Foundational to the Company’s current and future success is its employees, who drive the Company’s strategic vision, manage operations and develop products. The Company focuses significant attention on attracting, motivating, and retaining talent at all levels. Through training and professional development initiatives, promoting a culture of diversity and inclusion, and emphasizing the importance of health, safety, and well-being, the Company’s aim is to create an environment that fully supports the needs of its employees. Annually, an enterprise-wide engagement survey is conducted, which provides insight into employee morale and aspects of workplace culture like core values, communication and employee development.

The Company is committed to creating innovative talent-management opportunities that are aligned to the strategic needs of its workforce. Learning is a continual process, and the Company offers a diverse set of training, education, and development opportunities, both formally and informally, throughout the year. Each segment within the Company has ongoing training programs that are designed specifically to maximize the performance of its employees in meeting business objectives, including better health and safety outcomes. All employees take part in a mix of on-the-job training and appropriate learning and training opportunities focusing on topics that are the most critical and relevant to each employees’ job function.

The Company believes that diversity and inclusion is central to high employee engagement and seeks to foster an environment where employees can bring their authentic selves to work each day. The more perspectives there are, the more ideas that can be generated, which makes diversity, equity, and inclusion (“DE&I”) a driver of innovation, and therefore, integral to the Company’s success. The Company’s employee-led Employee Resource Groups (“ERGs”) help cultivate a culture of acceptance where employees feel not only accepted, but celebrated, at every level. As of December 31, 2020, the Company had eight ERGs — DuPont Corporate Black Employees Network, DuPont Asian Group, DuPont Pride Network, DuPont Latin Network, DuPont Women’s Network, DuPont Veterans Network, DuPont Early Career Network, and DuPont Persons with Disabilities and Allies. Each group is actively sponsored by senior leadership, helping model and promote inclusive values and behaviors. The Company also offers DE&I tools and resources to educate managers and employees in how to utilize diversity as a resource and establish more inclusive work environments. These resources include unconscious bias workshops, networking and mentoring practices, and opportunities for participation in external conferences and events, among others.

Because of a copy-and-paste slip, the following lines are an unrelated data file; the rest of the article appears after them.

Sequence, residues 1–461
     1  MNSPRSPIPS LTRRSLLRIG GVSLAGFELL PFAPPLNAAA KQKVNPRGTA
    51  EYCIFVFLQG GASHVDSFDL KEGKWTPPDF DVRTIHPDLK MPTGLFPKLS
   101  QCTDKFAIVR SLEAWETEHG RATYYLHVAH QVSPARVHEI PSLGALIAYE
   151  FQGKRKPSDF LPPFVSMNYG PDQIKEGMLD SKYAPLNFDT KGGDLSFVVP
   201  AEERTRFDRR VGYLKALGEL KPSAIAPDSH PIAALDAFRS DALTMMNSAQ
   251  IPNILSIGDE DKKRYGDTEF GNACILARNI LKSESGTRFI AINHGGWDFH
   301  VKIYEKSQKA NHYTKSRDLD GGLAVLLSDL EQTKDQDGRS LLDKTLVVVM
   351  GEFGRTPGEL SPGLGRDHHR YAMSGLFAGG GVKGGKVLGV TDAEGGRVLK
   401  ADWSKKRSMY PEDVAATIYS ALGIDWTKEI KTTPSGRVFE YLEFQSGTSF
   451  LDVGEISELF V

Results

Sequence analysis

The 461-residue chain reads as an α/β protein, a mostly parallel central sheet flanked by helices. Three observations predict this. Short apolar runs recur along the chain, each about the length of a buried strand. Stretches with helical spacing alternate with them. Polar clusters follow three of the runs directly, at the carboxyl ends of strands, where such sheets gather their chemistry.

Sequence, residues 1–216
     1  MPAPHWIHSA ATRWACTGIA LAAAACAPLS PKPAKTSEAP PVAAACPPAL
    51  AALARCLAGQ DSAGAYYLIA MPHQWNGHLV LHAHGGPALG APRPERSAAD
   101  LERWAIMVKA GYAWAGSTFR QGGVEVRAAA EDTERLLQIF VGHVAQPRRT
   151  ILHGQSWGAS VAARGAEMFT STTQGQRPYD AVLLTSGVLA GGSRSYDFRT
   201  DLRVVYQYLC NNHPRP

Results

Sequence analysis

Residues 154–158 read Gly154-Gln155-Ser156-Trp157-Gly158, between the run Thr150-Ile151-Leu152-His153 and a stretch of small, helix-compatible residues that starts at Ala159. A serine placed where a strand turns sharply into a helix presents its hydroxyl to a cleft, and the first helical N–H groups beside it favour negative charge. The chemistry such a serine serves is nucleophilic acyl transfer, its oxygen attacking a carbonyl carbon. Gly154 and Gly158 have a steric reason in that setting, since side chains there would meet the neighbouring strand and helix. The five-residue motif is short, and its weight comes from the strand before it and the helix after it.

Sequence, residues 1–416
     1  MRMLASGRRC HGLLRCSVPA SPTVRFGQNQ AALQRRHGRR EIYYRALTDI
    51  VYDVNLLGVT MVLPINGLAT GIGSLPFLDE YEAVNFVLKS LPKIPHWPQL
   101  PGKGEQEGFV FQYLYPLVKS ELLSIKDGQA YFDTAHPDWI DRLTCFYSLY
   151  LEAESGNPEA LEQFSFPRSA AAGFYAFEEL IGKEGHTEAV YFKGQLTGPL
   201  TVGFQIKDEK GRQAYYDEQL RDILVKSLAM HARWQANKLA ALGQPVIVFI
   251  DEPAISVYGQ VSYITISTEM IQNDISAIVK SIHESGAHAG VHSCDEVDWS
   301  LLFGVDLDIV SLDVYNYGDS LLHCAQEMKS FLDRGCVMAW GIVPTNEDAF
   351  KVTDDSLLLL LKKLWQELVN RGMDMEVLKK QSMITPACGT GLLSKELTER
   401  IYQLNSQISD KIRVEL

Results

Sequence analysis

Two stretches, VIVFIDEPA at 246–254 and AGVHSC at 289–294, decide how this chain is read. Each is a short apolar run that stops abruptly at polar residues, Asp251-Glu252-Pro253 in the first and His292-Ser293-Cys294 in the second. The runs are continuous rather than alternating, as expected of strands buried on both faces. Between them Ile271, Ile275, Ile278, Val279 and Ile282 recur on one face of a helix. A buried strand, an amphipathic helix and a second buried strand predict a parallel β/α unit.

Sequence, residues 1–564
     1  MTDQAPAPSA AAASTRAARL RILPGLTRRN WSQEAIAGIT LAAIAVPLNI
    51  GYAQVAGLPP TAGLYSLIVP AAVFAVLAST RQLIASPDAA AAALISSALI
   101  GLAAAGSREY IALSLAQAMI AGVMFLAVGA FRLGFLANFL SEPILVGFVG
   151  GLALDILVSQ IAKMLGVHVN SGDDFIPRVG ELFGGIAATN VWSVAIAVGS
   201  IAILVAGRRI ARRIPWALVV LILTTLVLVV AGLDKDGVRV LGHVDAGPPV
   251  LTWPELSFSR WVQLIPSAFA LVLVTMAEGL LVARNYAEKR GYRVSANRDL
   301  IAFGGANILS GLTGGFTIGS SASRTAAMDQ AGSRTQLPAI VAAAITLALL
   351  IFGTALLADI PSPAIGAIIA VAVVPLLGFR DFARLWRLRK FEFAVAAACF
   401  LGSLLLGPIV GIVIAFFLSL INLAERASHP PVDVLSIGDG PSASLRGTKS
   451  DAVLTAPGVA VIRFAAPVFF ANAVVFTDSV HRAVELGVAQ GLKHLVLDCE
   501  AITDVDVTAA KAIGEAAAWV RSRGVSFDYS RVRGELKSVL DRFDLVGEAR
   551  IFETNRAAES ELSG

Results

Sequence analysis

The Company’s success also depends on the well-being of employees, including physical, mental and intellectual health. All employees have the support of the Company’s Integrated Health Services (“IHS”) teams, which provides onsite and intranet-based services to support and monitor the health and welfare of employees. The Company’s larger manufacturing and research sites have onsite clinics where employees can get occupational care, first aid treatment, travel vaccinations, and referrals for off-site medical care. The Company continuously strives for zero workplace injuries, occupational illnesses and incidents. The Company’s safety metrics are measured against this goal at least quarterly, and the Company’s Environment, Health, Safety & Sustainability Committee is charged with

 

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CORPORATE GOVERNANCE (continued)